While most workers’ compensation claims are going to hinge heavily on the degree to which a person is injured, there is another consideration: employment potential.
This is where the “odd-lot” doctrine comes into play. This is a legal consideration that provides that while a worker may not be completely unable to work, his condition is such that he won’t be regularly employed in any reasonably stable area of the labor market that would fit his services.
In these situations, it is the worker who shoulders the burden of proving there is a lack of opportunity for someone suffering from his particular condition, taking into account his education, experience and age. Usually, this is achieved by showing a worker diligently yet unsuccessfully sought work, but the only positions available were menial tasks for which there isn’t a stable job market.
Our Spartanburg workers’ compensation attorneys know that once a worker establishes his position in the “odd-lot,” it’s then up to the employer/insurer to counter with proof there is employment available to the worker on a reasonably continuous basis. Otherwise, benefits will have to be paid.
One recent case in which the “odd-lot doctrine” came into play was that of Gits Mfg. Co. v. Frank, a case that wound its way to the Iowa Supreme Court. That panel ultimately found the worker totally and permanently disabled, per the odd-lot doctrine.
According to court records, worker started her job as a spot welder and assembly line worker in 1997. Throughout her employment there, the high school graduate was exposed to various chemicals and dust agents that resulted in her diagnosis in 2006 with a chronic constrictive bronchiolitis. She had been experiencing respiratory problems in the four years prior, but was only diagnosed in 2006, when her doctor told her she had to stop working at the plant. She hasn’t been employed elsewhere since then, and hasn’t made an effort to look for work either. Her doctor found she had reached maximum medical improvement roughly three years later.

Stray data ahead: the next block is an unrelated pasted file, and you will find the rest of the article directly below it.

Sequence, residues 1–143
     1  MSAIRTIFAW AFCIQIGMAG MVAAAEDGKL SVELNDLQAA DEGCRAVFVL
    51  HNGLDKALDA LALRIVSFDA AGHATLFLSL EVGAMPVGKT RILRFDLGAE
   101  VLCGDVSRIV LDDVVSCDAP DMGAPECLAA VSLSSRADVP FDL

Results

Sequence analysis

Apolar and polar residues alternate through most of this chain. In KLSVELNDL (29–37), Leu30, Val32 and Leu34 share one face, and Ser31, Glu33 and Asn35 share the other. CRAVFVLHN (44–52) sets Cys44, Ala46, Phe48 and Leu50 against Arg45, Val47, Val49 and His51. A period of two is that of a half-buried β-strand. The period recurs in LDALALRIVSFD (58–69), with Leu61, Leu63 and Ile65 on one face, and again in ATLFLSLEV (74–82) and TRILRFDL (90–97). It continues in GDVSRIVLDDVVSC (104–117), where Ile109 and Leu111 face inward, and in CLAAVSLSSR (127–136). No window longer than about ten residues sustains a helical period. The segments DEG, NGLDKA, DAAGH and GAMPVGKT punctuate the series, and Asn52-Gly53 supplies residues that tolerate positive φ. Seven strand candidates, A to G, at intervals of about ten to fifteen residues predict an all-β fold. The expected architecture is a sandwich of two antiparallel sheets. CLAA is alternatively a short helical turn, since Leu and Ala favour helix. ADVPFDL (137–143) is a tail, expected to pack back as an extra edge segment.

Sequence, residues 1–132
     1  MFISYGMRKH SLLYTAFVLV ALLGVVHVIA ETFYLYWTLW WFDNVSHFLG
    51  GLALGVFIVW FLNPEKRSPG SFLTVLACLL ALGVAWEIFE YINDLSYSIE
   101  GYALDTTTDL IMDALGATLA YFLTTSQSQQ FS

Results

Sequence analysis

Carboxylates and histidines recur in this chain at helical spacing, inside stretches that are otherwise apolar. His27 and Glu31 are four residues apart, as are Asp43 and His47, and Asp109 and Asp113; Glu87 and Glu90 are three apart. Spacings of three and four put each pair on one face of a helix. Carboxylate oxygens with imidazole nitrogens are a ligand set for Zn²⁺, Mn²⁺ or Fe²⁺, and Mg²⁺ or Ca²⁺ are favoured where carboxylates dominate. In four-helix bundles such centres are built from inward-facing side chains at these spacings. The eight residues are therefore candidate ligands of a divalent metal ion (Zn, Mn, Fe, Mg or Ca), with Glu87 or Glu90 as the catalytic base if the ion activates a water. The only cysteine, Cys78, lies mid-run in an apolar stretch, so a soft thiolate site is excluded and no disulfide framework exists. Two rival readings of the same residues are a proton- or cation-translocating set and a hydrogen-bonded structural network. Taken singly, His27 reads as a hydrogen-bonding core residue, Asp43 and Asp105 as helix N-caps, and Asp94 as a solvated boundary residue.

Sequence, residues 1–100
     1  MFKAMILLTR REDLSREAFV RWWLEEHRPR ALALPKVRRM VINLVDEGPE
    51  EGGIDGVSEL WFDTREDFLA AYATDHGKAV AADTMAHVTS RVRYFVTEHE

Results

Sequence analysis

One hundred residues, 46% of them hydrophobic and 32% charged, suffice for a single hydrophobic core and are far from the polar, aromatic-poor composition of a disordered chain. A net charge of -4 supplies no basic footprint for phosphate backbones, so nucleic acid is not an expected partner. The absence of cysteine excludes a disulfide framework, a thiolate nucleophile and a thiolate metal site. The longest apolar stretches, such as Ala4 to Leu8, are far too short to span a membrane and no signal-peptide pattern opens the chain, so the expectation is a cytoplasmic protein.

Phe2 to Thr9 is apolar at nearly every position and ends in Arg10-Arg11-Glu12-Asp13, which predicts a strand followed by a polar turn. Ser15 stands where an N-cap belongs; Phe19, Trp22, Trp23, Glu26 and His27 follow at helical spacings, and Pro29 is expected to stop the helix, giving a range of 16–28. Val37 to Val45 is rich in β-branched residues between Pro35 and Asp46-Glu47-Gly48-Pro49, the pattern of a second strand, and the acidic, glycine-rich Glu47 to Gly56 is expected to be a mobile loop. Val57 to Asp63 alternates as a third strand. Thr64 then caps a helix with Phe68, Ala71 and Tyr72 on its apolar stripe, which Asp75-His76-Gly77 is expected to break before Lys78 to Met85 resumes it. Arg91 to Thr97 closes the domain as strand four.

In seeking benefits, she presented evidence she is unable to work in any environment where there is dust, fumes, vapor or smoke. Her lung function was severely and permanently affected, resulting in 50 percent loss of breathing function. She reported she has “good days” and “bad days.” On good days, she can take short walks, feed her goats, mow the lawn and garden for short stints. On bad days, she can hardly get out of bed. She reported having bad days at least twice a week. She uses an inhaler daily, especially when going up and down stairs.
The worker later acknowledged that she could probably find work as a receptionist or in a clerical position, but she would need training and extensive accommodations from her employer. Plus, she can’t type with both hands and doesn’t have the skills needed to work in an office settling.
She cited the odd-lot doctrine as reason for her permanent total disability.
The employer’s counter-point relied heavily on the assertions that she could work again with more training. Problematically, the employer failed in its argument to take into account the worker’s age and medical condition in making that retraining possible. The tasks she was able to do around her home occasionally did not translate into full-time employment skills.
The commission granted her permanent total disability, which was then reversed by the district court. However, the court of appeals reversed that ruling and the Iowa Supreme Court affirmed.
Therefore, the case was remanded back to the district court to determine the amount of permanent total disability benefit payments.
If you have been injured at work in Spartanburg, contact the Lee Law Offices at 800-887-1965.
Gits Mfg. Co. v. Frank, Oct. 17, 2014, Iowa Suprem Court
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